Britain weeks away from mandatory part-time schooling, union warns

Britain’s largest teaching union has warned that schools in designated lockdown areas may be just weeks away from implementing part-time teaching using a ‘two weeks on, two weeks off’ rota if coronavirus infection rates fail to decrease.

The co-leader of the National Education Union, Kevin Courtney, has warned that this part-time rota system will be unavoidable if infection rates fail to come down.

Should ministers fail to control the spread, Courtney said, there would be a likely return of the “chaotic pattern of school closures” that preceded the full national lockdown in March.

Presently, schools in designated lockdown areas are complying with Tier 1 of government contingency planning guidelines.

This requires secondary school children to wear face coverings in corridors.

Tier 2 comes into play if the infection rate climbs above present levels.

At this point, primary schools will be permitted to remain open, but secondary schools will be required to impose the part-time, two-week rota system.

For students studying for GCSEs, it is difficult to imagine that spending two-week chunks of term-time at home will not interfere with their progress.

Courtney said: “It is not inconceivable that we are a fortnight away from this. I am not wishing for it, but you have to stop the growth. You can’t have it doubling for so many weeks”.

He went on to explain that if the government is unable to devise an effective means of blocking the spread of the virus in areas of the country where transmission rates are already expanding, schools will be left with no choice but to implement the Tier 2 measures.

To date, ministers have maintained that all schools will remain open as the ‘default position’, even where lockdowns are implemented in high-infection-rate areas.

However, the official guidance does not sit easily with this assurance, recommending instead the progression to the second of four tiers of containment measures if viral spreads are not stifled.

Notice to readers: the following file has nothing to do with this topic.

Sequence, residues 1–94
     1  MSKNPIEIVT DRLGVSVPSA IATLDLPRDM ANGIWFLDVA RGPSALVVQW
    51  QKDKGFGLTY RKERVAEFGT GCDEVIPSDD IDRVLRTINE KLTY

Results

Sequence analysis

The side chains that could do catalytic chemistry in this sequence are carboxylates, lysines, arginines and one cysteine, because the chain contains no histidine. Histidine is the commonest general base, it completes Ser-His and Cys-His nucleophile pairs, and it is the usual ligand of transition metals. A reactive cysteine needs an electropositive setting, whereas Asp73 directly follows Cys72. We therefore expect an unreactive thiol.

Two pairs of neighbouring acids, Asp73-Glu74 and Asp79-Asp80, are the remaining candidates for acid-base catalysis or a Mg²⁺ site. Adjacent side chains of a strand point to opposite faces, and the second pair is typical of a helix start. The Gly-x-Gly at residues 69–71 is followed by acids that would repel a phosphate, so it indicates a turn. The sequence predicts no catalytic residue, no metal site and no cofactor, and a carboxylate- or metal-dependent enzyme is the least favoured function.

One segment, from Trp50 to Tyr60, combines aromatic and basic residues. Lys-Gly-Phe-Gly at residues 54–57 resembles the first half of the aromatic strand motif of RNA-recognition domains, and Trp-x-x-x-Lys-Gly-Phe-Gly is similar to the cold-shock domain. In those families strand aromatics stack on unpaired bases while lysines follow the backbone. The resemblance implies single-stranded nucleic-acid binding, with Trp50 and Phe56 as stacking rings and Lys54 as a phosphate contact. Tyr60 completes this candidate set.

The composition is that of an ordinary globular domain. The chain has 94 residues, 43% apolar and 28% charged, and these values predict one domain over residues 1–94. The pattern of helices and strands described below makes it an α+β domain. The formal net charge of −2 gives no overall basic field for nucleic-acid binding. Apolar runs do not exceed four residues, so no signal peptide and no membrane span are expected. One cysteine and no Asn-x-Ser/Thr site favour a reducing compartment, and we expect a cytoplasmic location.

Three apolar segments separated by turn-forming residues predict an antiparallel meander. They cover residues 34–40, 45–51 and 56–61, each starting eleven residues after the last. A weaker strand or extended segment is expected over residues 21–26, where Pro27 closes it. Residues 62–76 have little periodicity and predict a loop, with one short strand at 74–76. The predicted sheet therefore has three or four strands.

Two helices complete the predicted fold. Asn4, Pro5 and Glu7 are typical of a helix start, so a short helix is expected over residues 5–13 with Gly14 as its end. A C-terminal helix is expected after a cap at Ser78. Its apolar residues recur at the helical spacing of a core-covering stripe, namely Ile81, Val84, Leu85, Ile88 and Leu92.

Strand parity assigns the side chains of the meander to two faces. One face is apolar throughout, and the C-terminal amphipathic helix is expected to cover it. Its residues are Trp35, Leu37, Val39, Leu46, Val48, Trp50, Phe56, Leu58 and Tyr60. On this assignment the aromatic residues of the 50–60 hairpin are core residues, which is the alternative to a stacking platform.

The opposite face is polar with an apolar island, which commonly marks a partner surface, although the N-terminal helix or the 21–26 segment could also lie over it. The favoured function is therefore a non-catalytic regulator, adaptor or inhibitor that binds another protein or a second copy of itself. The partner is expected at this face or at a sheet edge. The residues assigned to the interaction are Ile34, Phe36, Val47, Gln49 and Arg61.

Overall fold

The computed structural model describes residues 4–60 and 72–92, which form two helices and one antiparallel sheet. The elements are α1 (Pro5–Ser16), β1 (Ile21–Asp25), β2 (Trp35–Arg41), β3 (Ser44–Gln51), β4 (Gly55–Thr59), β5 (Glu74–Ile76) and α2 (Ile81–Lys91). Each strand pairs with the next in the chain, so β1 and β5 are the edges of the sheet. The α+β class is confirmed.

The guidance states that schools should not move from Tier 1 to Tier 2 unless “all other measures have been exhausted”.

Should conditions for Tier 2 prove insufficient to contain the spread, Tiers 3 and 4 would mark a return to school closures for all but the children of key workers.

All other children would again be subject to distance learning at home.

Courtney suggested that parents may lose confidence in the system if the virus continues to spread, opting instead to keep their children at home for fear of them contracting COVID-19 and bringing it back to their families.

However, 32 leading medics, scientists and academics are joint signatories to an open letter calling on Prime Minister Boris Johnson and his ministers to “step back” and “fundamentally rethink” the blanket measures they are authorising to prevent viral spread.

The experts, led by Professor Sunetra Gupta and Professor Carl Heneghan of Oxford University, and Professor Karol Sikora of Buckingham University, point to consistent evidence showing that fatalities are overwhelmingly confined to the over-65 age group, especially the more elderly with pre-existing severe medical conditions.

They call for a targeted approach focusing on protecting these most vulnerable categories rather than the vast majority of the well population.

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